Tetsu Yamada

Back to Contents of Issue: December 2000

CEO, DealTime.com K.K.

Photograph by Andrew Pothecary
Thanks to his father working for a Japanese shipping company and taking his family around the world, Tetsu Yamada had an international childhood. Born in Tokyo, Yamada spent two years of his childhood in Indonesia, where he learned to speak English and Indonesian. For junior high and part of high school he was in Chicago, and then it was back to Tokyo to finish high school and enter university. He's been here ever since, but the globetrotting childhood served him well, as he now speaks and acts like a native on both sides of the Pacific. Yamada launched his professional career at the Bank of Tokyo, serving there for 13 years before moving to Coca Cola Japan, where he worked first in corporate planning and then in consumer marketing. After four years in sugar water, Yamada got the tech-venture bug and accepted a post as CEO of DealTime.com K.K., the Japan offshoot of the US startup. DealTime is an online price comparison service. In the US version, users indicate where they wish to search for a particular product -- classifieds, auctions, or Web shops -- and receive price info via email, Web site, or the DealTime app. I wondered what kind of adjustments to DealTime would be needed for the Japanese market and hooked up with Yamada at his office in Yoga, where his neighbors are Sun and Oracle. -- Steve Mollman

How do you market DealTime to the Japanese online market?
In Japan, we really have to take care of the consumer. If there are any online shops that are not reliable, then our approach is to not search those shops. So we'll search the whole Internet, but in our own definition -- the online shops that will provide service. There's more than just price. We want to be the best source for where to buy, what to buy, and how to buy.

So since you can't ensure quality you exclude auctions and classifieds?
Exactly. In Japan, they're really picky on the quality. If the results are lousy, they'll never come back.

Will you ever offer those options?
It depends on the consumers' learning curve, on how consumers become aware of the realities of those options. Online shopping itself is still new. It will probably take time. People in their late 40s and above will never change, but younger people have experienced getting things off the Net. It's almost like a game for them, like hunting something.

Why are you in Yoga, not in Bit Valley?
I didn't want to be part of Bit Valley. I think the people who started it are really smart, but everyone kind of rallied to the fad. That's a bad thing about Japanese culture, I guess. We deal with the Internet, but we're just using it as a means. We're the shopping navigator for consumers. The Net just happens to be the best means of doing it. We want to be around for a long time.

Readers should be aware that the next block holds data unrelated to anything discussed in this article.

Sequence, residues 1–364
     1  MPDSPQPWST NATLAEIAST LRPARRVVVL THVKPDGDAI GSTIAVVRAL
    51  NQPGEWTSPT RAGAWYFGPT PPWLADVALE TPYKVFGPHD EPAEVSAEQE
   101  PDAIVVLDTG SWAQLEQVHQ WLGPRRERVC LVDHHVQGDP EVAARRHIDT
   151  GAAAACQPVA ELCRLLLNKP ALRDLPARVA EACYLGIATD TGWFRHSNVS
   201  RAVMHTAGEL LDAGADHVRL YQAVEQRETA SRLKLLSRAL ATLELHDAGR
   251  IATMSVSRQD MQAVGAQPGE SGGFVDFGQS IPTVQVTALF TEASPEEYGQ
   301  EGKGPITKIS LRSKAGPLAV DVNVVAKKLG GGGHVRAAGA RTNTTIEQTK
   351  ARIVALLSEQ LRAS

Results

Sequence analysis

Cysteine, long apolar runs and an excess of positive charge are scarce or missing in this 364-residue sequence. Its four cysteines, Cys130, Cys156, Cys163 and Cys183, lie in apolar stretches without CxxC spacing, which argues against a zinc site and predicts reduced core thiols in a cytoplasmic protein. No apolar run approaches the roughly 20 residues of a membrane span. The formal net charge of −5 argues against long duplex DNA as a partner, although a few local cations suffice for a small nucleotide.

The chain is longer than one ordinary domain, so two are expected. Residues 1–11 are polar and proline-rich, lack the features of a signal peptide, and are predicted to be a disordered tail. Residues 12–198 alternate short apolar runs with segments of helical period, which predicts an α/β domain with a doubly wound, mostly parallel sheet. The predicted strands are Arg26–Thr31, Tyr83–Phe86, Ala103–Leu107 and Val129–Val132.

Do you have B2B intentions?
We believe our future major source of revenue is real-time demand information that's been aggregated for each of our categories. We'll provide that to shops or manufacturers.

So what are your sources of revenue? One is highly targeted ads. Do you charge shops to be included in the search?
No, that'd be more like an online mall. The default is that their name shows up in black and white. But if we enter into an agreement, we'll charge them a click-through fee, and in turn post their logo so they have more exposure.

Which shopping categories are popular?
Our current statistics say computers, home appliances, and audio-visual equipment. Next year it will probably be software, PDAs, and food and beverages.

There's a site called kakaku.com that compares prices in Akihabara. How do you perceive them?
I think we're playing in a different field. I get asked that question a lot. Their company name is basically saying "price.com," and considering the nature of Akihabara, where people really shop for price, I think their focus is price, and basically computers. Our service is expanding more to different categories, not just focusing on the price, but kind of doing a product comparison, guiding the Japanese consumer. Also, given our expansion in Europe and our base in America, we'll be able to let shoppers look for certain products anywhere in the world.

Are you doing anything in wireless?
We already have an interface under development for all three mobile carriers.

With the cellphones, are you going to charge consumers?
This year we'll just give users the search results, and if they want to buy a certain product, then we'll let them transfer the information to their PC email addresses. I understand that some people have only a mobile phone, but given the current stage, cellphone shops may not have sites for the small screen.

Any plans for location-based services?
Eventually. If you're in Shibuya and are tempted to buy this product, you might want to check if something else is nearby. Bringing in the offline shops, we can tap into a lot of opportunities. There are a lot of shoten gai in the small commerce districts of each town. They're like an association that kind of bundles the shops together, and they're really fighting against the big discount stores. My thinking is to target certain towns. The stores don't necessarily have to put their whole inventory online, but can post a few items. They don't have to sell online. They can just use the service as a marketing tool and let the consumers go to the store. We're looking into that arena and trying to expand it.

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